5/5/5 – May 2005.  Hmmm….  I had just gotten out on my own post-college and had a decent job, though just to make sure I didn’t fall flat on my face my Dad volunteered to be my “virtual roommate” for the first few months and help with the rent until I worked out all the numbers.  Now I’m making even less money than I did back then and am none too happy about that.  I recently unearthed a survey from 1940 or so on Ancestry.com that listed my grandfather as still being a member of my great-grandfather’s household at age 29 – probably because of the depression.  Since he barely made it past 60 that can’t have been good to spend half your life living with your parents because of the Great Depression.  That’s the standard for me as far as how bad THIS economy gets.  If I end up back with my folks in my 30s because of this economy’s complete lack of decent-paying jobs that’s when I’ll know the Great Recession is giving the Great Depression a run for its lack of money.  =(

6/6/6 – Uh oh.  6/6/6.  Satan Day.  😛  Folks in my church back then were going nuts about this and organizing prayer groups to pray against whatever evil lurked within that infamous 24-hour-period… which turned out to be nothing too big to worry about.  If only they had paid more attention to the book of Job and its rather clear illustrations of Satan not being able to do anything without God’s permission they might have not been so worked up…  😛  Later that year of course in Fall 2006 was when I started poking around on YouTube for the first time, and in a “2006 or 2007” vlog I did back in one of my long gone video blog series I actually talked about how 2006 was clearly the better year out of the two for me, so 6/6/6 didn’t rain on the parade too much.

7/7/7 – Interestingly, 7/7/7 didn’t get anywhere near the attention from my friends in the Church as 6/6/6 did, further adding to the sheer irony that 6/6/6 brought to the table.  I don’t remember anyone wanting to go to the casino on 7/7/7 either.  Hmmm… Well I had been promoted at work and had one of the best bosses I’ve ever had at the time, so I’d say July 2007 was pretty good.  🙂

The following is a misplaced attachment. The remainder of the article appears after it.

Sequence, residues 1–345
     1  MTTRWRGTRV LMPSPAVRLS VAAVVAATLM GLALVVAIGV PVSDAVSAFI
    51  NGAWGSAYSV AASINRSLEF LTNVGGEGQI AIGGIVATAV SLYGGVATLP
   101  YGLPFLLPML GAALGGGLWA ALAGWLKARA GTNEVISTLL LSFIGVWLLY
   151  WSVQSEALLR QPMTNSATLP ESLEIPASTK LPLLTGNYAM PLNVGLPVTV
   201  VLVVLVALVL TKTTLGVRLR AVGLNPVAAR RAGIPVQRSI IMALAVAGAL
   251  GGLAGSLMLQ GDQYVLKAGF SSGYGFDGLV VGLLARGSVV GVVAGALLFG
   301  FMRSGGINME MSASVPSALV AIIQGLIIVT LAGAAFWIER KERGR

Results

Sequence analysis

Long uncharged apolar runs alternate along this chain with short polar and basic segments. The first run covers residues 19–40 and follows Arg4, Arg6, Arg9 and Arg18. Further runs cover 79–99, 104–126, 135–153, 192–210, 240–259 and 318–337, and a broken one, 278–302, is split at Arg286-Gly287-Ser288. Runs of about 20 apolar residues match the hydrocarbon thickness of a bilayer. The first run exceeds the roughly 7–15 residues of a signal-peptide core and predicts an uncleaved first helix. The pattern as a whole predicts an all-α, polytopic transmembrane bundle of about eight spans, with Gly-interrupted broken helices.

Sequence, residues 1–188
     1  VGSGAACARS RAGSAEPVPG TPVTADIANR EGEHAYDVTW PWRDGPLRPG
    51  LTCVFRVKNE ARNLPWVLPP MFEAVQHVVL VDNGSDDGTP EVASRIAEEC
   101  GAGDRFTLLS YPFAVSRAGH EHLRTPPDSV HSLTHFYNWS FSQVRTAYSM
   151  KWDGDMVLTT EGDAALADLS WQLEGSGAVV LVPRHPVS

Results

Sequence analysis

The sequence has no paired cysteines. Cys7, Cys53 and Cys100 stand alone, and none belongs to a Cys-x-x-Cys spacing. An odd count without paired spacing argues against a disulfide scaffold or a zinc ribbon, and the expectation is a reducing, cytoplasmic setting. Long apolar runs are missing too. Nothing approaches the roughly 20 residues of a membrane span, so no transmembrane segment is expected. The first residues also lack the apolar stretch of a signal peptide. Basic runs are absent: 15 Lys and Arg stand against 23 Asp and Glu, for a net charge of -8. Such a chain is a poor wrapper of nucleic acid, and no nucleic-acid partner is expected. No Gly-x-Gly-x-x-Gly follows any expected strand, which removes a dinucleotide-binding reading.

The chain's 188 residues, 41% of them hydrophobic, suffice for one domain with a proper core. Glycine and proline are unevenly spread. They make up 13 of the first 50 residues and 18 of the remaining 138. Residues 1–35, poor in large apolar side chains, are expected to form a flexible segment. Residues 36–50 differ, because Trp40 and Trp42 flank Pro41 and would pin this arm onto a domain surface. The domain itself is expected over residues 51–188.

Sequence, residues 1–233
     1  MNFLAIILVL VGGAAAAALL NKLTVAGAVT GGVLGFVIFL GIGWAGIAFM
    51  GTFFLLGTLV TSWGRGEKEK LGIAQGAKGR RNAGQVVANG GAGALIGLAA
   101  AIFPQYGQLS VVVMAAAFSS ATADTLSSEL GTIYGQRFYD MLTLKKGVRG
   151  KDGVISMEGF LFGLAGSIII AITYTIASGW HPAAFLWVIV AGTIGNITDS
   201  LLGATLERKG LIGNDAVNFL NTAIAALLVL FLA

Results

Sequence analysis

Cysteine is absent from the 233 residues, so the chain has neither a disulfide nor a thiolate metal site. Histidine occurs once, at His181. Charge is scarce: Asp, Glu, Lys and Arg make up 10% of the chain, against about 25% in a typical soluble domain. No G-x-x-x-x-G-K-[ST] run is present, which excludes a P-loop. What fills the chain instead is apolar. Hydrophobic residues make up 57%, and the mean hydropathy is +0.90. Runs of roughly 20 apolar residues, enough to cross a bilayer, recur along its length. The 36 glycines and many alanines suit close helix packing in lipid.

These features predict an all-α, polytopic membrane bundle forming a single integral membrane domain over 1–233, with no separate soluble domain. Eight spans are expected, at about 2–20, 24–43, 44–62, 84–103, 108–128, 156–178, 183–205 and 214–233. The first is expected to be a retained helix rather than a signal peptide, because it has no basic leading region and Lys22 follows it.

8/8/8 – Shortly after 8/8/8 everything on Wall Street crashed and burned.  Yeah.  Nothing too memorable.  The infamous Lehman Brothers bankruptcy was right around the corner and many people were hit by shrapnel from the various bursting bubbles of the late 2000s.  Rather forgettable I’d say.

9/9/9 – Hmmm….  September 2009.  I don’t remember anything too notable from around then.  Some folks thought it was the end of the world I think in a reference to 9/9/99 a decade earlier, plus some folks went nuts because 999 is 666 upside-down and in many horror movies there are things like upside-down crosses and stuff.  I don’t remember anything too notable happening around then though.

10/10/10 – I’d say 10/10/10 was when the whole number-number-number thing really started getting old.  I don’t think I even bothered with any reference to number-number-number on that day.

11/11/11 – Yay.  Skyrim came out.  It was a buggy mess at launch and clearly a rush job, but at least we had it just in time for the holiday humbug season.  😛  I remember 11/11/11 more for still having a decent job and the ability to actually have a life back then before getting laid off in January and my current death spiral beginning.  =(

12/12/12 – …and alas, the bitter end of it all when it comes to number-number-number days.  12/12/12 finds me having been hanging by a thread all year in an endless barrage of getting beat into the dirt that has cost me jobs, money, family, and friends sadly who turned their backs on me when I was laid off, and some who sadly are stuck in Fairytaleland who think I’m exaggerating my year-long neverending mess because they very naively can’t possibly believe someone as hard-working as I am could end up in just as bad a shape as bums who don’t care, working a miserable yet doable lolgetstrungalongasatemp job that has killed whatever life I could have had outside of work with unpredictable night shift hours and starvation wages leaving me looking at the possibility of once again being kicked to the curb in January or February 2013 and probably bankruptcy and homelessness by this time next year.  Ahhh the fruitlessness of character, integrity, and hard work these days, where the sheer dysfunctionality of the United States of America routinely makes one question why they even try to amount to anything anymore or even why one is even still around in the first place.  :-\

Yeah.  This number-number-number thing can rot in Hell at midnight tonight.  12/12/12 could’ve been something special for me, even the magnum opus of the number-number-number days, but instead it is the worst and most forgettable.  Now, as we head into 12/13/12, with either the end of the world or the end of 2012 coming up, this whole year for me can’t end quickly enough.  =(